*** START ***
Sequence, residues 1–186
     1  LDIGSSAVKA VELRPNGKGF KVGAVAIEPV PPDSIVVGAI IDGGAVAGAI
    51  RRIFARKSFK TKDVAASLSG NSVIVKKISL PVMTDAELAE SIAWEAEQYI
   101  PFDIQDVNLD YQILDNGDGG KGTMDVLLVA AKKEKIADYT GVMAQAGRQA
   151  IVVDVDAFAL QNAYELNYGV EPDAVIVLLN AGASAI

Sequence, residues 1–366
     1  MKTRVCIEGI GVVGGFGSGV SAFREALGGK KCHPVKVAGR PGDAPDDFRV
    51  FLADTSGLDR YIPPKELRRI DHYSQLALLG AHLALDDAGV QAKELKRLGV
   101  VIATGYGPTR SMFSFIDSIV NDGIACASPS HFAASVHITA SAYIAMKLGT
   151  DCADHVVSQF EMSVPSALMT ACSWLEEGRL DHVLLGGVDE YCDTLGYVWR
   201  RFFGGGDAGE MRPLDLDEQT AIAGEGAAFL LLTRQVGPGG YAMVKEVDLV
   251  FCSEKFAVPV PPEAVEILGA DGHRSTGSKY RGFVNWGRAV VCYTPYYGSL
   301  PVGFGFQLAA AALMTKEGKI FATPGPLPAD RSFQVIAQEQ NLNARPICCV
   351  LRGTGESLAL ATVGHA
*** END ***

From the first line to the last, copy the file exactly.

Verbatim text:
Sequence, residues 1–186
     1  LDIGSSAVKA VELRPNGKGF KVGAVAIEPV PPDSIVVGAI IDGGAVAGAI
    51  RRIFARKSFK TKDVAASLSG NSVIVKKISL PVMTDAELAE SIAWEAEQYI
   101  PFDIQDVNLD YQILDNGDGG KGTMDVLLVA AKKEKIADYT GVMAQAGRQA
   151  IVVDVDAFAL QNAYELNYGV EPDAVIVLLN AGASAI

Sequence, residues 1–366
     1  MKTRVCIEGI GVVGGFGSGV SAFREALGGK KCHPVKVAGR PGDAPDDFRV
    51  FLADTSGLDR YIPPKELRRI DHYSQLALLG AHLALDDAGV QAKELKRLGV
   101  VIATGYGPTR SMFSFIDSIV NDGIACASPS HFAASVHITA SAYIAMKLGT
   151  DCADHVVSQF EMSVPSALMT ACSWLEEGRL DHVLLGGVDE YCDTLGYVWR
   201  RFFGGGDAGE MRPLDLDEQT AIAGEGAAFL LLTRQVGPGG YAMVKEVDLV
   251  FCSEKFAVPV PPEAVEILGA DGHRSTGSKY RGFVNWGRAV VCYTPYYGSL
   301  PVGFGFQLAA AALMTKEGKI FATPGPLPAD RSFQVIAQEQ NLNARPICCV
   351  LRGTGESLAL ATVGHA